1968 Aston Martin DB6 Vantage
With a five-speed manual gearbox, this well-documented DB6 is a nice drive
This DB6 is an original right- hand drive car, which has been enhanced by a swap to a five-speed ZF gearbox in place of the Borg-Warner three-speed automatic with which it left the factory. The ZF ‘box was specified on many DB6s when they were new. The copy of the original build sheet in the car’s history file shows it was supplied to Ireland in January 1969 in this Caribbean Pearl shade, and with optional power steering and Marchal spotlights – and that the factory charged extra for seven pints of antifreeze.
Since then five owners have spent plenty of money on the car. The bodywork was last attended to in 1992 when the whole car underwent a £22k refurbishment. Today the body is still very straight with excellent panel fit and flawless paint.
Underneath there’s been a little welding where the sills meet the floorpan, but nothing you wouldn’t expect on a car more than 40 years old. The chassis rails and floors are very good, and the stainless steel exhaust was fitted in 1989 at the same time that the gearbox was changed. Since then the car has covered only about 6000 miles; the odometer now reads 59,900 miles, which is substantiated by bills and old MoTs. Lightly-worn Avon Turbospeed tyres wrap newish-looking MWS wire wheels, and all brightwork looks very good.
It’s a similar story inside, with the leather on the front seats lightly creased and still looking new in the back, good carpets and an excellent dashboard and instruments. The original radio is still in place and nothing is missing or broken. It smells Olde-English great too.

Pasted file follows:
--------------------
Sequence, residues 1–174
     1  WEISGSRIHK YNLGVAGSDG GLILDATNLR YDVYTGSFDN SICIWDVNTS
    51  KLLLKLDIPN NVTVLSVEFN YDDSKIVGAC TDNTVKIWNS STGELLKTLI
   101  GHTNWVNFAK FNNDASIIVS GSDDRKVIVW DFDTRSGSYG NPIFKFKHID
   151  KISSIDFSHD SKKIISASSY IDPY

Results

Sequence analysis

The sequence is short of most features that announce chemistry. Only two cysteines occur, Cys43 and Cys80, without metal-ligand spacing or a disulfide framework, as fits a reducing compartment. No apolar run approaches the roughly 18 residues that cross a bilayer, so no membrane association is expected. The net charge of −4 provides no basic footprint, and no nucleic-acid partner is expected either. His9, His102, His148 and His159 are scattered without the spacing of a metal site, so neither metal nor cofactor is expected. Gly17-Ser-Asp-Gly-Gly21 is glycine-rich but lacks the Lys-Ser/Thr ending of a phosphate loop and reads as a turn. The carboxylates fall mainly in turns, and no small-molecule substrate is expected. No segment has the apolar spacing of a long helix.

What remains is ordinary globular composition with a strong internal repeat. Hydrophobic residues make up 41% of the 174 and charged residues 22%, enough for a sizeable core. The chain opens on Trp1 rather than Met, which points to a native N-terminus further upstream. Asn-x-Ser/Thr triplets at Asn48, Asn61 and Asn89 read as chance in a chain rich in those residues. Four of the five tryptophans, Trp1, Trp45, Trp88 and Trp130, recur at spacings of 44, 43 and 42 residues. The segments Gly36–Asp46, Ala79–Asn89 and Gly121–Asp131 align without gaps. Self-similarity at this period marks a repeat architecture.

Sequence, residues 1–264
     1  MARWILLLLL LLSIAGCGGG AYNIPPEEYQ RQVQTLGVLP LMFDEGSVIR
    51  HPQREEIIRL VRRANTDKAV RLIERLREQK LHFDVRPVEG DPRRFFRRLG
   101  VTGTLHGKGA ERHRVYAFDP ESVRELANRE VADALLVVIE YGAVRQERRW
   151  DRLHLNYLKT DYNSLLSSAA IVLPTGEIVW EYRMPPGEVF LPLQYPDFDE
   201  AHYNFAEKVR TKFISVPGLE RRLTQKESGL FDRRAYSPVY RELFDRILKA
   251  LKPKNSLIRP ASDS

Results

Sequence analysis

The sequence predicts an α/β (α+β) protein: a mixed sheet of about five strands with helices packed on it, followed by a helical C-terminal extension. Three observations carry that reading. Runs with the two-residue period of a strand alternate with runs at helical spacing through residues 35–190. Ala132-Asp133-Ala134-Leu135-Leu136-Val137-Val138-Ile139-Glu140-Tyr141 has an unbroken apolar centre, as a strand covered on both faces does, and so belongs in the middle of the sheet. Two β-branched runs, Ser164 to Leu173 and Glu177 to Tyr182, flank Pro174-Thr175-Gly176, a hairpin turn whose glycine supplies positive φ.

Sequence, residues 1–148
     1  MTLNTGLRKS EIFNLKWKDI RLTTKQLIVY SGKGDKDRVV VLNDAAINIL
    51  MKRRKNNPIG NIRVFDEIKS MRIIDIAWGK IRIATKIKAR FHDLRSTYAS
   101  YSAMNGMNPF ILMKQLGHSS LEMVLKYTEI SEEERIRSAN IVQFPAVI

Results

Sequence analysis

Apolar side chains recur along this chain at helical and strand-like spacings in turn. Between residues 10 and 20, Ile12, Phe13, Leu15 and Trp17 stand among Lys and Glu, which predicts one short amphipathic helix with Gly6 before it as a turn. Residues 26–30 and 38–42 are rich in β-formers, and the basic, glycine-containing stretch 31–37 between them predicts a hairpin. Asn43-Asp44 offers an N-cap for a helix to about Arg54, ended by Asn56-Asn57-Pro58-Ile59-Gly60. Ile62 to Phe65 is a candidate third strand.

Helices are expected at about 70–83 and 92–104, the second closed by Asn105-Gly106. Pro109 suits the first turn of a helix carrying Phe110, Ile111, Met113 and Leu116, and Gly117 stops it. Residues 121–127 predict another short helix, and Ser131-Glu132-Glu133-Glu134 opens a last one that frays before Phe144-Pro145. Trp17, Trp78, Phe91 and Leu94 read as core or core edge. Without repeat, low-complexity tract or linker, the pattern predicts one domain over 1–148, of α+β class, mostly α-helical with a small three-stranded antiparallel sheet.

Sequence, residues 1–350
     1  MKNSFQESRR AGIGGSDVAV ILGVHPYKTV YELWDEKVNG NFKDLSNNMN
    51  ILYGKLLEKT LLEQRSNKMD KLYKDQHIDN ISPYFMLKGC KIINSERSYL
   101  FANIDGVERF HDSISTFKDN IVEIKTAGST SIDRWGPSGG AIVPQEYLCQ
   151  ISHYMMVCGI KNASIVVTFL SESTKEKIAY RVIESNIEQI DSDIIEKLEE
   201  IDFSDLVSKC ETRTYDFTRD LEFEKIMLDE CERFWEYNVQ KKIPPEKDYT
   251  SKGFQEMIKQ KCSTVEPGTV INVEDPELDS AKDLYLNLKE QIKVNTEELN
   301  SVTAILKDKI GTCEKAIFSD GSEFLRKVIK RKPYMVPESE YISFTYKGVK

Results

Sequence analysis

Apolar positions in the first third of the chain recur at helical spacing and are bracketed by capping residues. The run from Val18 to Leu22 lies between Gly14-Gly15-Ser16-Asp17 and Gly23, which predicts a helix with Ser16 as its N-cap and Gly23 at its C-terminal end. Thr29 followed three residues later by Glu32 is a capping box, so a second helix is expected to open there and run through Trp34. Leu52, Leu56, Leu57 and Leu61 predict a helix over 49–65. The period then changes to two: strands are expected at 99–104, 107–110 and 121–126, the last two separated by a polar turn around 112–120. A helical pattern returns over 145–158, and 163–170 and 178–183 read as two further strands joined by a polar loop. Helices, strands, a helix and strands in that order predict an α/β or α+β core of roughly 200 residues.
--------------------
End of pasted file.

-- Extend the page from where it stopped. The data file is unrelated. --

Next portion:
All’s well under the bonnet and the Vantage- spec motor that’s been there from new is clean, tidy and has no leaks. It had its last big service (£1861.84 at E&D Motors of New Cross, London) fewer than 200 miles ago in April 2010, which included a new distributor at £184. Oil is clean and to level but I couldn’t check the antifreeze as the car had been run.
It fires readily with some throttle, the stainless exhaust lending a superb and possibly gruffer note than standard, and it drives smoothly and swiftly, with nicely- weighted steering and firm brakes that track straight and true. Performance is as strong as you’d expect from the 3995cc straight-six and, though the strong torque makes the gearbox redundant for much of the time, the gearchange is super-slick. When warm the gauges read 120psi oil pressure and 80 deg С water temperature.
The MoT runs until January 2012 and the car is sold with its original automatic gearbox. The five-speed unit might technically hurt the value a little since it renders the car non-original, but that’s good for buyers and only a pedant would gibe because it offers so many benefits.